This is the season of giving, and as we approach the halfway mark of the A-League season, every club could do with a little Christmas present to help their team’s fortunes.
The season so far has been a disaster for Adelaide United. Even though history suggests they can – and have – come back from such a perilous position on the table, even at this stage last season Adelaide had reached double digits in terms of points.
The bigger problem, of course, is that Adelaide simply don’t look like turning their form around, with the last-minute concession in Newcastle to give the Jets all three points the latest blow to Guillermo Amor’s side.
The most remarkable thing about Morten Nordstrand’s winner was that the third big chance Newcastle had in stoppage time alone, as the Reds were repeatedly opened up on the counter-attack. Injuries and changes in personnel are obviously problems, but Adelaide’s lack of intensity upon the turnover of possession has been a noticeable issue all season.
Their counter-pressing – pressing the opposition to prevent counter-attacks – is non-existent, allowing teams to break forward quickly against the unorganised defence. Amor will be hoping they can regain some of that old intensity in the new year.
In spite of their off-field turmoil, John Aloisi has actually shaped one of the league’s most solid and comfortable teams. Brisbane are particularly strong defensively, as they work hard to create a compact 4-2-3-1 block that opponents find difficult to break down, especially because of the way the side presses collectively to prevent teams from having time and space in the middle third.
If you can get past the press, you then face the resolute back-four spearheaded by the tenacious Jade North and Luke Devere, who have formed one of the league’s meanest, and tellingly, most settled defences.
Where Brisbane could do with a little help is in attack, where the young attacker such as Thomas Oar, Brandon Borrello and Dimitri Petratos are yet to reach their full potential this season. It was revealing that last weekend it took the introduction of the experienced Thomas Broich to break open what was, in truth, a Mariners side that defended quite poorly for long stretches.
Brisbane have actually only lost once this season, but have only scored more than one goal in four of the 11 games played, pointing to a need to improve upfront that Aloisi hopes might come during the Christmas period.
Central Coast Mariners
Nobody truly expects Paul Okon’s Mariners side to achieve great success this campaign, after the manager was appointed just a month out from the season opener. Given the youthful makeup of the current squad, Okon’s appointment was about building for the future. As a coach who is faithful to the core principles of proactive possession that govern the National Curriculum, over time Okon will eventually be able to teach a presumably tweaked squad his favoured approach – but that might be one or two seasons away.
In the meantime, Okon will be hoping his inexperienced side can learn from the trials and tribulations of this current season. He will be particularly hoping they can assimilate some understanding of the need for solidity in midfield, after recent displays have seen his team be remarkably open through the centre of the pitch.
This can be attributed to the absence of Mickael Tavares and until last weekend, Nick Montgomery. The defenders have made some bizarre individual errors, but they aren’t helped when given little protection by the midfielders in front of them.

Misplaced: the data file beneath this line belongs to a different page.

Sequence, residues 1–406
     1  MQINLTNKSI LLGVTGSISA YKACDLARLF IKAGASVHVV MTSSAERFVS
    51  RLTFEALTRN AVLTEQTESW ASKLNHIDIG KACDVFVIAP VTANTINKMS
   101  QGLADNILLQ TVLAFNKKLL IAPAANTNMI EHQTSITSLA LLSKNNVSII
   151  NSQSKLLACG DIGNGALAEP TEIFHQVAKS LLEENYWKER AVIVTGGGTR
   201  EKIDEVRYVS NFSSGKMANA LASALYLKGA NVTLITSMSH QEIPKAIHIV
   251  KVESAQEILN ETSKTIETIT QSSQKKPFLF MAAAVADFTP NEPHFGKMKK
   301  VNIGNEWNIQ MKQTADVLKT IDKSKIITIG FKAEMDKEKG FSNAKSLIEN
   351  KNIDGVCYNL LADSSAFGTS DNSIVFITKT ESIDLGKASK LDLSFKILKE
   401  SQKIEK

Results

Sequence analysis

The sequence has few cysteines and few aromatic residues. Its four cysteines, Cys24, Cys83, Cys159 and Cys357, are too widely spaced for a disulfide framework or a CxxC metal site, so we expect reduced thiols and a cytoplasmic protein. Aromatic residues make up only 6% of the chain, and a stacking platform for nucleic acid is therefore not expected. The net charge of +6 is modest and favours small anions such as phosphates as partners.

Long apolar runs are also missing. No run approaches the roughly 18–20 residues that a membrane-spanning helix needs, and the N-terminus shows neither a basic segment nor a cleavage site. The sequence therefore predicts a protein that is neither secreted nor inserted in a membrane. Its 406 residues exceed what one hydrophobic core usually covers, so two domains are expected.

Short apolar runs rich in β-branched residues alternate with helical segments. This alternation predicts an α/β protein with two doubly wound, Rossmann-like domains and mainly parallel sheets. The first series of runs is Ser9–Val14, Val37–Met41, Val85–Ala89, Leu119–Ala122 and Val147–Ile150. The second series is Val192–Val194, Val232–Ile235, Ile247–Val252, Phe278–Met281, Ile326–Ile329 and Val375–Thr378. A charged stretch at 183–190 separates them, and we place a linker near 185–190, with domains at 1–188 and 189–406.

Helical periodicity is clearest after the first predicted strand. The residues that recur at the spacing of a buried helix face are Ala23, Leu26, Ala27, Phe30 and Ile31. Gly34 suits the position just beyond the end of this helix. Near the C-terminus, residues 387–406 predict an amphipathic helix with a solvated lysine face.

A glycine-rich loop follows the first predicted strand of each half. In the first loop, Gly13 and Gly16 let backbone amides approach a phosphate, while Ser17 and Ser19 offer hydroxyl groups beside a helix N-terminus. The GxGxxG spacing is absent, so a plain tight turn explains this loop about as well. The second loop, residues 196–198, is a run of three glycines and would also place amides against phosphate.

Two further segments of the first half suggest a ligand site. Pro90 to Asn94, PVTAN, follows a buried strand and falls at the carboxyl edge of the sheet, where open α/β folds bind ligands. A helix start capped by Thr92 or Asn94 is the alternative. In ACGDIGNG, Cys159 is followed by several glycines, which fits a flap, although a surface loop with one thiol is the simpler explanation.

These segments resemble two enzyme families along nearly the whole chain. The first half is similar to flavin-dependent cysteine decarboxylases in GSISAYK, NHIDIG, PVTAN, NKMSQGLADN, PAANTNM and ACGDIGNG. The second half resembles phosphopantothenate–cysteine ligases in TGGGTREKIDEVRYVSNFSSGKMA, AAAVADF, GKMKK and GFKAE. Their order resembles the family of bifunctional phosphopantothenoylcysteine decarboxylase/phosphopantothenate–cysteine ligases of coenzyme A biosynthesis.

This has been touted as the season Melbourne City finally have no excuses not to win the championship – they have, on paper, the best starting XI, the best squad depth and the best facilities. The problem is, they might not have the best coach.
John van ‘t Schip is capable of coaxing good performances from his team, but the overriding feeling is that his teams succeed because of their star quality, and not because of the tactical setup van ‘t Schip implements.
Part of the issue has been his preference for a formation that seems to muddle rather than maximise his players’ abilities. The 3-2-4-1 that becomes a 4-4-2 hybrid system is tactically fascinating, but not necessarily effective. It has seen Bruno Fornaroli constantly receive passes with his back to goal, unable to get at defenders as effectively as he did last season.
Furthermore, Tim Cahill is not getting the kind of service – early crosses to the back post – that he thrives on, despite the team’s emphasis on wing-play in attack.
The packed fixture schedule might force the coach to find clarity in his approach, or else Melbourne City might have to make some New Year’s resolutions.
Kevin Muscat is blessed with riches in attack, with a bench stacked of forwards that would probably start at any other A-League club outside the current top three. So far, he’s managed to give playing time to Jai Ingham, Mitch Austin and Maximilian Beister despite already having Fahid Ben Khalfallah, James Troisi, Marco Rojas and Besart Berisha at his disposal.
That depth will prove beneficial as the games stack up over the summer of football.
Muscat must be wishing he had the same selection problems at the back, though. The shoulder injury to Daniel Georgievski has forced Leigh Broxham to play most games at left-back. Daniel Georgievski made his return off the bench in the Melbourne Derby, which should help things at the back.
Having strong one-on-one defenders in the full-back positions is important for Muscat, because when the opposition have possession deep inside the Victory half their wingers stay high up the pitch, in the hope of creating counter-attacking opportunities.
It is a bold strategy, but it can leave the full-backs isolated. The central midfielders move laterally across the pitch to support defensively, but between the pair of Oliver Bozanic and Carl Valeri, it is a lot of ground to cover. The return of Georgievski, therefore, an aggressive ball-winner, is a boon for Muscat at Christmas time.
The Jets are riding a high at the moment, winning two on the trot against Perth Glory and Adelaide United. This is because Mark Jones has found a good combination in the front third.
The use of two #10s, Devante Clut and Wayne Brown, with two pacey wingers, Andrew Hoole and Andrew Nabbout, has caused opposition defences real problems.
Clut and Brown drift away from their high, central starting positions to find space between the lines, while also drawing defenders up the pitch and creating space for Hoole and Nabbout to drive into. Importantly too, Clut and Brown are capable of making penetrating runs in behind, which allows the wingers to collect passes from deeper positions and try to dribble past defenders. There is a nice balance to the side.